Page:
Keyshawn won a full academic Goodnight scholarship to N.C State, and Koby also earned several scholarships and grants. Both will go to State in June for a six-week transition program. The boys are interested in military careers after college both their parents served in the Army Reserves and in the National Guard.
Kayla is more outgoing, Brown said, and is captain of her high school basketball team. The 5-foot-4 guard was conference player of the year for Mallard Creek High.
"My parents from Day One always stressed that education is the key, that it was going to take us to where we wanted to go," Kayla Brown said.
"When you're a kid you want to go do what everybody else is doing, to parties and hanging out, and sometimes you just can't. So many times I cried and so many times I asked, why do I have to do this? But I have hopes and dreams and know where I want to be."
Kayla wants to be a forensic accountant, investigating fraud or embezzlement for the FBI or some other government agency. It's the suggestion of her father, a self-employed network engineer, who knew her knack for numbers.
She also wants to be a philanthropist, an ethic she also learned from her parents. The family has volunteered at Second Harvest Food Bank and for the past two Christmases has sponsored homeless families.
"We just knew you don't have to be a product of your environment, we always tell people that," Keenya Brown said. "We try to pass it forward."
Brown and her husband "kept a book in front of their faces" and made a practice, in summer, of starting their children on the courses they would face in the upcoming school year. "School just started getting easier for them," Brown said.
Because of their coursework at CPCC, the triplets could finish their undergraduate degrees in two years but will likely slow it to three. Kayla, with a four-year scholarship, could graduate Winthrop with a master's degree. The eldest son, Richard Jr., graduated from Flagler College in St. Augustine, Fla.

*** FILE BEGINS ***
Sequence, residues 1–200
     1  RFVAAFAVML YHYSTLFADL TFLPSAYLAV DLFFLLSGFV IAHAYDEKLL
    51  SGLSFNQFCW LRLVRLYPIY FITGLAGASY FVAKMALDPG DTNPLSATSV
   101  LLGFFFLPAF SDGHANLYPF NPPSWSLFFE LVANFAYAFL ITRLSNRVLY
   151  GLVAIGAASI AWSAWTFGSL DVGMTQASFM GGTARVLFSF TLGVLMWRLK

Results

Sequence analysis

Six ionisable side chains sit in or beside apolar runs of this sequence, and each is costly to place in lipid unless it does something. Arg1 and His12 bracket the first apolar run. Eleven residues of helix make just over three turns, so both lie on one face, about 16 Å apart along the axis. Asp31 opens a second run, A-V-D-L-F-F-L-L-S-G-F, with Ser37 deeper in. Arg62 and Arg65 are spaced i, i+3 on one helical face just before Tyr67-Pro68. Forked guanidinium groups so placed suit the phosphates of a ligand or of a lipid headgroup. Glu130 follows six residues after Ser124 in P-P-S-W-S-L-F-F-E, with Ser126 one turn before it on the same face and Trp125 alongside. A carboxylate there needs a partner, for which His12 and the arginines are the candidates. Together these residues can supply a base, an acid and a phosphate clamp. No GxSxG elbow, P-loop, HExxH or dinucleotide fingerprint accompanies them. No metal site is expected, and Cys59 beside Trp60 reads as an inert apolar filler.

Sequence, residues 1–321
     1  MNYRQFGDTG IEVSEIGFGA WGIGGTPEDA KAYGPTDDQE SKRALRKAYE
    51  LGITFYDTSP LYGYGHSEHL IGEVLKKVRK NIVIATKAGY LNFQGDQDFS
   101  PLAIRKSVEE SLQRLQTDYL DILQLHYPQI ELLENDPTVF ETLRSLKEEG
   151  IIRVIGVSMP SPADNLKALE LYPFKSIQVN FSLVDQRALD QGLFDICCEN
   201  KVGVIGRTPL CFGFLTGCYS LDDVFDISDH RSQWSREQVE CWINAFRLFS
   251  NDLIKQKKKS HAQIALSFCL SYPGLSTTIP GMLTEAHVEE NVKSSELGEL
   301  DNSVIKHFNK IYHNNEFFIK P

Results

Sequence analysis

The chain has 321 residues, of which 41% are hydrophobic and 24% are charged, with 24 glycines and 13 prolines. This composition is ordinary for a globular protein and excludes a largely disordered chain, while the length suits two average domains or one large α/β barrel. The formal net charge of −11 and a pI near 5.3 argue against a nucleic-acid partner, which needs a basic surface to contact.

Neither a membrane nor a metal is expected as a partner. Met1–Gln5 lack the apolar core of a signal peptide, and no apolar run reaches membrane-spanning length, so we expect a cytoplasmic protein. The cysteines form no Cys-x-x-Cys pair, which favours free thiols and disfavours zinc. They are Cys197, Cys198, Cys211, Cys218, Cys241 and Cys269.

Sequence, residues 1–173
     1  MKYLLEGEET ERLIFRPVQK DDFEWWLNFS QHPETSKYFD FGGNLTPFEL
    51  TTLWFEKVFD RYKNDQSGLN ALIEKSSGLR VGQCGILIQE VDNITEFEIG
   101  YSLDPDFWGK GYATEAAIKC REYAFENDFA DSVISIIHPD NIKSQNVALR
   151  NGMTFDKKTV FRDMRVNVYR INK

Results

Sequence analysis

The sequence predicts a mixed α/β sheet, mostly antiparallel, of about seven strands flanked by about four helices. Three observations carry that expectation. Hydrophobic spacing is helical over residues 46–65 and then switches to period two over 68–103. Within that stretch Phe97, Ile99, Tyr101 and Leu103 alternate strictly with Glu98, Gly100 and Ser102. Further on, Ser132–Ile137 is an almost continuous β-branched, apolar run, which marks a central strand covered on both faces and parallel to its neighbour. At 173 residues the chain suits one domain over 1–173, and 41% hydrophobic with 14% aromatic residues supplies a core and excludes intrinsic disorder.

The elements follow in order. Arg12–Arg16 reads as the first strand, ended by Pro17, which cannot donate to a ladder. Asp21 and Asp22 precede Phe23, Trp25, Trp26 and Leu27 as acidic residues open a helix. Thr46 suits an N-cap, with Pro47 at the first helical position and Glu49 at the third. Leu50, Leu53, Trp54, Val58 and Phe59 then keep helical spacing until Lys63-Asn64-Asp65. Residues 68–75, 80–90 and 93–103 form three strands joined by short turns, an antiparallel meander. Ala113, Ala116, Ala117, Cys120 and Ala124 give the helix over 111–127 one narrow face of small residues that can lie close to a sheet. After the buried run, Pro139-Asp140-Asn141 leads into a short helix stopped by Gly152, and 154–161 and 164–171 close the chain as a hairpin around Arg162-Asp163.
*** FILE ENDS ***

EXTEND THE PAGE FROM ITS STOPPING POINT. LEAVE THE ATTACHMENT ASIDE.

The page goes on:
"We timed it just perfect," Keenya Brown said.
After commencement exercises are done, and before the next level of schooling begins, the family will squeeze in a week-long trip to Cancun in late May.
The Tony and Beth Zeiss Award recognizes faculty and staff members whose efforts to support student success have been particularly extraordinary during the past year.
Amy Bagwell has been a member of the CPCC family since 2010. She is a poet, mixed-media artist and teacher who seeks to present poetry to people in traditional and new ways.
She co-chairs the literary and steering committees for CPCC's annual Sensoria: A Celebration of Literature and the Arts, which this year featured more than 80 events attended by nearly 15,000 individuals.
She co-directs the nonprofit Wall Poems, Inc., a poetry and public art project, as well as the Goodyear Arts residency and events project in Charlotte, with support from the Knight Foundation and Charlotte's Arts and Science Council, among others. She received her MFA in Poetry from Queens University of Charlotte and her BA in English from the University of Georgia.